YOUR RESPONSE CAN IMPROVE THEIR OUTCOME

As we begin American Heart Month on February 1st, it’s important to note that every 40 seconds, someone in the United States suffers from a heart attack. That’s more than 700,000 Americans each year – more than the population of Denver, Nashville, or Boston! The most important thing that you can do when someone is having a heart attack is act quickly! Call 911 and start first aid treatment for a heart attack as soon as possible. Don’t wait for symptoms to go away before beginning chest compressions. The only wrong thing that you can do in this situation is to do nothing.

HEART ATTACK or CARDIAC ARREST?

These two terms are often used interchangeably, but they actually refer to two different medical situations. We are more likely to encounter someone having a heart attack than experiencing cardiac arrest, but knowing the difference and warning signs can have a huge impact on their outcome.

  • Heart Attack occurs when the heart is not getting enough oxygen because blood flow to the heart is blocked. The person may still be walking and talking during this event, and in some cases may not even know they are having a heart attack, since the heart does not stop beating, but they will experience chest pain and shortness of breath.
  • Cardiac Arrest occurs when the heart stops beating entirely, which then stops blood flow to the brain and other vital organs. As we just saw during a recent MNF game, Damar Hamlin experienced loss of consciousness that accompanies cardiac arrest. Chest compressions can force blood through the body until medical professionals can arrive at the scene.

SIGNS AND SYMPTOMS

While chest pain is the most common sign of a heart attack, in some cases it can be overlooked as indigestion or heartburn, so being able to recognize what’s happening are critical in both short-term and long-term outlooks.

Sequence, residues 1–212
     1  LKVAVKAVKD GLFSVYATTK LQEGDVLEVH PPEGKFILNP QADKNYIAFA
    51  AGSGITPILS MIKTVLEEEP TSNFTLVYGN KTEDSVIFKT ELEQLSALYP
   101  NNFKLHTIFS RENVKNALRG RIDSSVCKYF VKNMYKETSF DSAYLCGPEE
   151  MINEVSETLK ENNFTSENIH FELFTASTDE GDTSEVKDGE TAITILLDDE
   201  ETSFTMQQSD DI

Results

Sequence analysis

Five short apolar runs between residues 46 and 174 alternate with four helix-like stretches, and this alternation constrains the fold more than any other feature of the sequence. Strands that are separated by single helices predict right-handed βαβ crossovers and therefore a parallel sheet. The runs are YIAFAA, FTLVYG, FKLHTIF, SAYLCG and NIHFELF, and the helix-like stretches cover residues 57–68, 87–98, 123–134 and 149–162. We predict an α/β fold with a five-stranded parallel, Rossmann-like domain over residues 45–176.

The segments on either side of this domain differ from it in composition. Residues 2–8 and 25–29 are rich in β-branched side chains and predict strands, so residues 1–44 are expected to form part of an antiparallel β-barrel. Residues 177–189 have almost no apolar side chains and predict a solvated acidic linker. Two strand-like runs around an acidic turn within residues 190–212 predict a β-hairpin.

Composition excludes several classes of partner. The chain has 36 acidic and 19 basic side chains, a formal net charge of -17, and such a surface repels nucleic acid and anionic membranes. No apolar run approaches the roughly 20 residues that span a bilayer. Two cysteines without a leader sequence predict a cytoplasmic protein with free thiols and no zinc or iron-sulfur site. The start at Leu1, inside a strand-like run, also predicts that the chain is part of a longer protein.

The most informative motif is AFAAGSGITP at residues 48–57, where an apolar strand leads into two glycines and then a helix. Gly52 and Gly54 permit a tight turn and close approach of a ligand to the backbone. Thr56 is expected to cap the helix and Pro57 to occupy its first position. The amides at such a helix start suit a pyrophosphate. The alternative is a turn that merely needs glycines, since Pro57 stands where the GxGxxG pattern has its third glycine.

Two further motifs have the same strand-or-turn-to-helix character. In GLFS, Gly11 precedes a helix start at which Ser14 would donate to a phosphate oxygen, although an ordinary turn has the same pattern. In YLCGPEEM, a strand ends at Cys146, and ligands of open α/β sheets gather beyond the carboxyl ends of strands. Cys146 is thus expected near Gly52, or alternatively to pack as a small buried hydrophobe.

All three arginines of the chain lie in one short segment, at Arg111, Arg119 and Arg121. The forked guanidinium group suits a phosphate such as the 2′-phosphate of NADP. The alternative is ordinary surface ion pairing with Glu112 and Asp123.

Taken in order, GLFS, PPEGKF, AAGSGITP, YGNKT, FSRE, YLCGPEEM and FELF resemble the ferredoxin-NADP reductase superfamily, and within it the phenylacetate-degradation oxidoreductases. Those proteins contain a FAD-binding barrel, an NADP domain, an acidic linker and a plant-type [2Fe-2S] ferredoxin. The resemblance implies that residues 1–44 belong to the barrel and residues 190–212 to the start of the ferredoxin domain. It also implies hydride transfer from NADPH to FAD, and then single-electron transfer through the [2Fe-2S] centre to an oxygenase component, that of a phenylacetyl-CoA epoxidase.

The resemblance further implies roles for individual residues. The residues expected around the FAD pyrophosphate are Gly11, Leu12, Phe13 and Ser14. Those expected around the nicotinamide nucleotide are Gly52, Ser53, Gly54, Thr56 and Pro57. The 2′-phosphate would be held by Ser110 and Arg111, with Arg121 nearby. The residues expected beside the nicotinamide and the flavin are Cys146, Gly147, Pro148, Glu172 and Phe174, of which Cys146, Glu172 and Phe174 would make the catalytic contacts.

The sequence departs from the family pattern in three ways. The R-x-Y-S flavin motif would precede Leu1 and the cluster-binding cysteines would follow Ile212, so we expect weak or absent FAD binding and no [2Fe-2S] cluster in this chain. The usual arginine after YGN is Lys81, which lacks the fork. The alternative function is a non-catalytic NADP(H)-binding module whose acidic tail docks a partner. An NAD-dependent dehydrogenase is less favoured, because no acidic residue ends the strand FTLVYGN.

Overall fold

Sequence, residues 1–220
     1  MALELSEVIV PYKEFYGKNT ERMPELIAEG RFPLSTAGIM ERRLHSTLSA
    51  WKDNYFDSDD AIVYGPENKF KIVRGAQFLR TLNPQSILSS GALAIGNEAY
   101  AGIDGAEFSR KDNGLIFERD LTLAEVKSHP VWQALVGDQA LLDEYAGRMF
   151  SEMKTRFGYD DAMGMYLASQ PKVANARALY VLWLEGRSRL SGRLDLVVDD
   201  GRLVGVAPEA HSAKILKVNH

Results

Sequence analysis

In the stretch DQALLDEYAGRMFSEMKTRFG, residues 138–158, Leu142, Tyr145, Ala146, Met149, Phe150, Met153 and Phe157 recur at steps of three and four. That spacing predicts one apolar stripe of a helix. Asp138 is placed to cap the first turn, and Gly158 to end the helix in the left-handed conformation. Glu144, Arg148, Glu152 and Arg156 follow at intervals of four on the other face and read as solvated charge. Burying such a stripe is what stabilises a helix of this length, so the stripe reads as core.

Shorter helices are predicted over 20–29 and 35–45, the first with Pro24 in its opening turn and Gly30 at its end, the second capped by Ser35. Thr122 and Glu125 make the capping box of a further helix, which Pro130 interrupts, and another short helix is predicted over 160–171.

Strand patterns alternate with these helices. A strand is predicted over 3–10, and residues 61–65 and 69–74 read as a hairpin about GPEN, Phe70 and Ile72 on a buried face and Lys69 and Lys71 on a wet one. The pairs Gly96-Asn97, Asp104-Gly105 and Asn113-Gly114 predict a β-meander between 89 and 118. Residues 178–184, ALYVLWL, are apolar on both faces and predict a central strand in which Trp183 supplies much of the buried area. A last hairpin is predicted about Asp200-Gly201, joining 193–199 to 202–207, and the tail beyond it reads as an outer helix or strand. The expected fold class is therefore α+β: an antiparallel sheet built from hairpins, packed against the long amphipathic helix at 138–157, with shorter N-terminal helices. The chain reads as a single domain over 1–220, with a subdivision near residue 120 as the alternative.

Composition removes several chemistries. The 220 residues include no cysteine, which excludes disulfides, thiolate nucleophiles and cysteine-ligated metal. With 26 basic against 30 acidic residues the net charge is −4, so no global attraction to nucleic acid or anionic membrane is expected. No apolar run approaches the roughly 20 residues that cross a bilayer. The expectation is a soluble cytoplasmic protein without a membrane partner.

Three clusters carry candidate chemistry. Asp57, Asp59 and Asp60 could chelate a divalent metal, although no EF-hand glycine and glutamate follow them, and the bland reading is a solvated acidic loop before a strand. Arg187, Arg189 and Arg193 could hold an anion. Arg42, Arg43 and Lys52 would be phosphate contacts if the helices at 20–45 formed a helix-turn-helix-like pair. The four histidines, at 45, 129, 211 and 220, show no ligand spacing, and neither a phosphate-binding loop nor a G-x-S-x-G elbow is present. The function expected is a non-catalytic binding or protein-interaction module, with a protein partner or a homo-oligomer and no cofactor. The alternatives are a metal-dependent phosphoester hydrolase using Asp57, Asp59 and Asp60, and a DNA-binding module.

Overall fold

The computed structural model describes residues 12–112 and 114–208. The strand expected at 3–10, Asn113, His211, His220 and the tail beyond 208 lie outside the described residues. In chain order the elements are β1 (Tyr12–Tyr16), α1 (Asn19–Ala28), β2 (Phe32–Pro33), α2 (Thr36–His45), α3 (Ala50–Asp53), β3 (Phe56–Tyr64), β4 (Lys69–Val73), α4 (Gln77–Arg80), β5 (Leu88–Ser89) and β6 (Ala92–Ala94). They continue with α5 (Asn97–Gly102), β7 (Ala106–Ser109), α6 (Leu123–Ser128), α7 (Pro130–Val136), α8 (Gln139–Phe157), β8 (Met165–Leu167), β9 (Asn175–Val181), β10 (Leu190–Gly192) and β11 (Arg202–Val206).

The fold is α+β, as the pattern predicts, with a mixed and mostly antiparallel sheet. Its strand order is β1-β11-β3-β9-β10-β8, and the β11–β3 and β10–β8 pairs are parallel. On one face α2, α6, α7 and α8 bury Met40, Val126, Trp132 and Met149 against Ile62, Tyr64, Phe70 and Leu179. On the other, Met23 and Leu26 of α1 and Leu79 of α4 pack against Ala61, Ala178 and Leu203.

• Chest pain, pressure and/or tightness
  • Chest pain that spreads to shoulder, neck or jaw, or radiates down both arms
  • Pressure in the lower chest, abdomen, back, or between shoulder blades
  • Nausea or dizziness 
  • Difficulty breathing or unusual fatigue
  • Women may experience total exhaustion or flu-like stomach pain

HOW TO HELP

As mentioned earlier, call 911 immediately. Stay calm and remain with the patient until medical help arrives. By administering emergency treatment, heart attack victims can have a more positive outcome. 

  • ASPIRIN and NITROGLYCERIN: Chewing aspirin can slow or stop an artery-clogging clot and if the patient has a history of heart problems, they will likely have heart medicine prescriptions on hand. 
  • BEGIN CPR: If the patient loses consciousness, the Emergency dispatcher may advise you to begin chest compressions – keep the beat by singing the Bee Gees Stayin’ Alive (and if you don’t know this classic – add it to your Spotify playlist as soon as possible)
  • USE AN AED: If the heart attack occurs in a public place, there is likely an AED on the premises. If the victim loses consciousness and this is available, follow the instructions on the device.

HOW DO PARAMEDICS TREAT A HEART ATTACK?

Once the ambulance and paramedics have arrived, step away and give them room to work. They’ll conduct their assessment and begin life saving interventions. In preparation for transport, paramedics may use non-invasive ventilation techniques, or it may be necessary to perform endotracheal intubation to establish an airway for the patient. Transportation by ambulance to a local hospital should not be delayed. 

By minimizing the time on scene, MedExpress provides rapid response to emergencies across central Louisiana. Conducting critical life-saving measures and transportation to the appropriate medical facilities, every minute matters during a heart attack or cardiac arrest. Just as important as the care they receive by paramedics and other medical professionals, your response in these situations can have a great impact on their short and long term outcomes. In addition to ambulance services and response, MedExpress provides local certification for CPR and other life-saving tools for bystanders.

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